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Wasatch Back Trees Under Stress Even With Abundant Blooms

A prolific Mountain Mahogany bloom is underway along the hillsides in the Snyderville Basin.  The Japanese Lilacs produced an abundance of flowers this spring throughout Summit and Wasatch Counties and fruit trees are producing bumper crops. Some experts say despite the fruit and flower displays, trees are under stress in the Wasatch Back.  Carolyn Murray has this:

Jason Barto is certified with the International Society of Arboraculture and is the Executive Visionary Officer of Releaf Utah. Releaf is a non-profit dedicated to getting more trees in Utah. They started with a focus on the Wasatch Back but now it extends throughout the state.

He says they don’t have conclusive evidence or explanations for the variety and volume of the tree blooms this year.

“Last year we had two apples out of 30 trees and this year it looks like we’re going to have a bumper crop. I’m seeing the same thing on my choke cherries, both my Canada Reds and on the native Choke Cherry are having lots of berries. For us, up here, it’s probably the fact that we didn’t have a June or July snowstorm. At the same time, we are seeing a lot of stress, because of the lack of water, on the trees. They’re putting out our flowers and they’re looking great but we have a lot of trees that are under stress because of the lack of water.  It’s a long-term issue that doesn’t get resolved in one rainstorm or one precipitation event.”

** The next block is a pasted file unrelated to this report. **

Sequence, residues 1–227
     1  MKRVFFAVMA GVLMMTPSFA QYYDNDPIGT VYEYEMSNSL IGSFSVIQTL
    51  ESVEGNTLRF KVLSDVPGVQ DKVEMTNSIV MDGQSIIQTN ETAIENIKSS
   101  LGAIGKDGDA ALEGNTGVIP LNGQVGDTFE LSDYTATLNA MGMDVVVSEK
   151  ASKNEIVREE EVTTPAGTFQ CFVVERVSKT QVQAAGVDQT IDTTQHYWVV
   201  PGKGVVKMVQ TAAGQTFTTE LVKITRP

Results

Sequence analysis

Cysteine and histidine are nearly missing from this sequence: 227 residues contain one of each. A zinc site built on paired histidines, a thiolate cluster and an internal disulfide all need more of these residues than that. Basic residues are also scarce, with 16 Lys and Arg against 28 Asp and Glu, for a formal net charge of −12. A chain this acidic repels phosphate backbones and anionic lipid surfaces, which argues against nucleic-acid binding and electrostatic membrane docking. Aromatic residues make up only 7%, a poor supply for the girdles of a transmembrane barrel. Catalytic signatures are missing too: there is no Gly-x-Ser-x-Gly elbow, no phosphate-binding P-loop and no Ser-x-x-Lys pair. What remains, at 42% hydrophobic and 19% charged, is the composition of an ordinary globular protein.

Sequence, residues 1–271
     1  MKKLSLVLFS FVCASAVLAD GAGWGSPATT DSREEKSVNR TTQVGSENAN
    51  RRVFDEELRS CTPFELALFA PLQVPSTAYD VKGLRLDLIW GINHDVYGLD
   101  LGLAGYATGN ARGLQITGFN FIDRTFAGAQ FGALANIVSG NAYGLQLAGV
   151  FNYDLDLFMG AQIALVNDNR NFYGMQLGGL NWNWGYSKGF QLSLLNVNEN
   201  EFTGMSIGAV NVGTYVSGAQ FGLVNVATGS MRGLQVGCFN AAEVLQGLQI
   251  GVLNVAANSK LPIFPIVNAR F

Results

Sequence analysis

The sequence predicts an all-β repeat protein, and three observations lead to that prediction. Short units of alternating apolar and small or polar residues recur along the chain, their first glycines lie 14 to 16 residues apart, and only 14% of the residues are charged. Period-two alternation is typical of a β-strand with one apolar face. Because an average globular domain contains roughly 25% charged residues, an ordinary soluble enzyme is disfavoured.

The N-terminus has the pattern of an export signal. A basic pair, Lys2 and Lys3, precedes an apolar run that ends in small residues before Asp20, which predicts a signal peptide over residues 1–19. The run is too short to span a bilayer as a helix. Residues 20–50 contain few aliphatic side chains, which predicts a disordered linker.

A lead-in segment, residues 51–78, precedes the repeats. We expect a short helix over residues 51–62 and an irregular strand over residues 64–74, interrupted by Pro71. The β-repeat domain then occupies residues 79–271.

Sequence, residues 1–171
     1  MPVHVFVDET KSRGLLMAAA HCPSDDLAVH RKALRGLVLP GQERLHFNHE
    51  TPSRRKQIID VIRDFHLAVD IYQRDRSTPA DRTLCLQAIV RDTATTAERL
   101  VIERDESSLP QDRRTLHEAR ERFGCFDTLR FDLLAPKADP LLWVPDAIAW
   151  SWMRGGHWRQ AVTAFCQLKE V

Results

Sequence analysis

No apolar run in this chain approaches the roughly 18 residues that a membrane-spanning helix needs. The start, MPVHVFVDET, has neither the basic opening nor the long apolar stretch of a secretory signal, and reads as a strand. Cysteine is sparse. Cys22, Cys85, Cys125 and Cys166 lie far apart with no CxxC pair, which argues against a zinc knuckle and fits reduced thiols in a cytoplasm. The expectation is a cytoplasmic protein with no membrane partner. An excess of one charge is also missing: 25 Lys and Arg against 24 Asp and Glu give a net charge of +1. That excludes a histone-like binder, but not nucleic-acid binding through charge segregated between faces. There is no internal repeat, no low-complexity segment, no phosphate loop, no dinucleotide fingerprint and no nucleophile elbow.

He says the long drought has put a lot of stress on trees in the area. He says the roots go down two to three feet and slow, deep watering is one way to keep them healthy. When trees are stressed, they are more susceptible to pests and fungus.

There’s visible browning on many stands of fir trees in the area.  He says he doesn’t think it is the bark beetle which is a common pest on coniferous trees throughout the western US.

“That is likely the Balsam wooley adelgid or as the cool kids are calling it, the BWA. It’s a pest. It’s hard to describe and I’m not an entomologist. It’s described as a tiny sucking insect that came from Europe. It’s an invasive and it’s taking advantage of the trees that we thought were going to be relatively attack free. You know we’re worried about our Spruce with the Spruce Beetle and worried about our Pines with the Pine Beetle coming through.  We thought those critters had eaten themselves out of an hospitable area and that we may be able to take a breath and nope…here comes the BWA."

Barto says the Aspens in this area have a fungus that appears on the leaves as brown pigment. He suggests removing the leaves and twigs that have fallen to prevent the spores from spreading. Disinfecting clippers and chainsaws after contact with the tree is also recommended.

“It’s likely Marsennina. That’s the most common one that we do see but we see two others out there. There is a chemical treatment.  It takes several applications of the anti-fungal to really stop it."

He says a lot of local aspens have a blight called Cytospora Canker.  Bartow says a healthy tree has natural defenses to fight off disease and pests. 

“It gets back to the simple…take care of your tree.  Plant it right and take care of it. Make it a strong tree and it has natural defenses to fight off a lot of these pests. An attack isn’t going to be that damaging to the overall health of the tree.  Eighty to 95 percent of the aspens in this area have it and it just expresses itself more aggressively on stressed trees.” 

Barto says there are qualified, talented tree specialists available in the Wasatch Back region.  He recommends using an ISA certified arborists to evaluate and treat trees suspected with disease.


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